Life sentence for Harlesden man who murdered teenage boy in Hackney
PUBLISHED: 12:33 17 May 2016 | UPDATED: 13:29 17 May 2016
A man from Harlesden has been jailed for life with a minimum tariff of 25 years for the murder of a teenage boy in Hackney.
Rickell Rogers, of Brownlow Road, was sentenced today for stabbing to death 17-year-old Marcel Addai on the St John’s Estate.
The 22-year-old was one of four men from the Fellows Court gang who chased and stabbed the teenager on September 4 last year.
Sodiq Adebayo, 23, from Ilford, and Sheku Jalloh, 23, from Shoreditch, were also given life with 25 years.
Momar Faye, 19, from Hackney, must serve at least 22 years.
Marcel, a member of the Hoxton Boys gang which was at war with Fellows Court, was with his friends and had tried to run away but he fell and was kicked, punched and stabbed by all four.
The Old Bailey hear how one “long bladed knife” entered the back of his upper chest to penetrate his heart with “severe force” in what was described as an “overarm bowler’s action” by one witness.
Detectives investigating the murder traced them through compelling CCTV footage that had captured their cars on the estate.
When they were arrested and interviewed all four gave ‘no comment’ interviews.
They were convicted of murder last week.
Sentencing them, Her Honour Judge Poulet said today: “You knew you were entering a street in the heart of the Hoxton Boys territory, and drove to the very corner the gang was well known to frequent.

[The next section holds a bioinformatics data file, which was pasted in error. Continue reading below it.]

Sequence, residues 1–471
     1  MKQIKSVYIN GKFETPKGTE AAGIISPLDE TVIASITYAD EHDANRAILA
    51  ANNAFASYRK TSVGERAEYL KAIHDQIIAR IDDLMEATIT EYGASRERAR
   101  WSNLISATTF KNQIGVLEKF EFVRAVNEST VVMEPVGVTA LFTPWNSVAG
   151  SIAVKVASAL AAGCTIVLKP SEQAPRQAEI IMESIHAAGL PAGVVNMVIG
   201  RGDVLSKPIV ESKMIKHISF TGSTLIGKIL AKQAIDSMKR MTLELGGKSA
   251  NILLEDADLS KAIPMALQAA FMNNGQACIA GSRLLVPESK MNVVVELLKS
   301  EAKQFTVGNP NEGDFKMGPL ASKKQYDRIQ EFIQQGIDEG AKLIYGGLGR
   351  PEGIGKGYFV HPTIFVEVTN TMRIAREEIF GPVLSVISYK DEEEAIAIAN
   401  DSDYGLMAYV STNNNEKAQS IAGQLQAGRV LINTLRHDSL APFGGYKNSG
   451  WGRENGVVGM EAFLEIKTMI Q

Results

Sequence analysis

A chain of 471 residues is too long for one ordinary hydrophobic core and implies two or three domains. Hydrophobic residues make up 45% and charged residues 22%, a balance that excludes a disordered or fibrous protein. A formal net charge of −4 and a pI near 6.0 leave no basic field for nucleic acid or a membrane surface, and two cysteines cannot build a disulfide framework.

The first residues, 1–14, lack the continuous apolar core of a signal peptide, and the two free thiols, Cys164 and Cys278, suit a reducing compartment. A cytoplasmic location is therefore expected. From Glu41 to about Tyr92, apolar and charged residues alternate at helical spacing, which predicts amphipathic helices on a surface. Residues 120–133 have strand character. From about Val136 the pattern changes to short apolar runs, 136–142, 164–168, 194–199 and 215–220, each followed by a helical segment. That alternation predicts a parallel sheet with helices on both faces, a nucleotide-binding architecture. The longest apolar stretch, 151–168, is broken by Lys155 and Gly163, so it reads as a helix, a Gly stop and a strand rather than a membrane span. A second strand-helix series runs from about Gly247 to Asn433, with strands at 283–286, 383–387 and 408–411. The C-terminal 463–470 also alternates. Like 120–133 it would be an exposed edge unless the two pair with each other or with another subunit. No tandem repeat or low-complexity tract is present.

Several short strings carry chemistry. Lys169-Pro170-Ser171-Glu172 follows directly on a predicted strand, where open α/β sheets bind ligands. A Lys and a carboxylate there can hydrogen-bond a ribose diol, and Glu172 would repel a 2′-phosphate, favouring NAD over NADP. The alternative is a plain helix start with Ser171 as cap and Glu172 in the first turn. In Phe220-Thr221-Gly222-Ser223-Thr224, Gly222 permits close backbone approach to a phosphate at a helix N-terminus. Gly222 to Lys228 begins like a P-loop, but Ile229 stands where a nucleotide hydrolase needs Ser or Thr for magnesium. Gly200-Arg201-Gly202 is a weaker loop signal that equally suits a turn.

“It may be Marcel was holding a knife in his hand but he was soon to drop that. You ran forward and he turned to flee – he tripped as he did so and a number of you then attacked him with knives as he tried to flee. You acted together with a single purpose.
“It was swift, brutal and ruthless. He died on the pavement as you drove away in the three cars.”
She continued: “This case is yet another example of the terrible grip that gang culture has on the men that embrace it.
“Your conduct since your arrests and throughout this trial has shown a ruthlessness, as well as a complete lack of remorse, a cruel disregard of the pain Marcel undoubtedly suffered that night and the continuing anguish of his family.
“You have made repeatedly clear your only concern is that you might be caught and your only emotion is panic as you tried to evade capture.
“You were all bought to justice by particularly impressive and extensive police work.”
Marcel’s grandfather, Matthew, said: “We are happy that justice has been served, but for us, it is part of the process of trying to move our youth away from crime. That, if you choose to commit a crime, there are consequences.
“Our heart goes out to the families of the offenders. We pray that they will come out of prison reformed characters.
“We miss Marcel very much.
“He was not an angel but there was hope whilst he was alive. The love and the efforts of the family would have seen him through the dark patch he was going through.”
Detective Chief Inspector Andy Partridge, from the Met’s homicide and major crime command, added: “This was a targeted attack that required a level of planning.
“I want to praise those witnesses who had the courage to stand up and come forward with information in this case, it demonstrates that communities will not accept these violent attacks taking place.
“This senseless violence has taken another young life and left a family devastated.”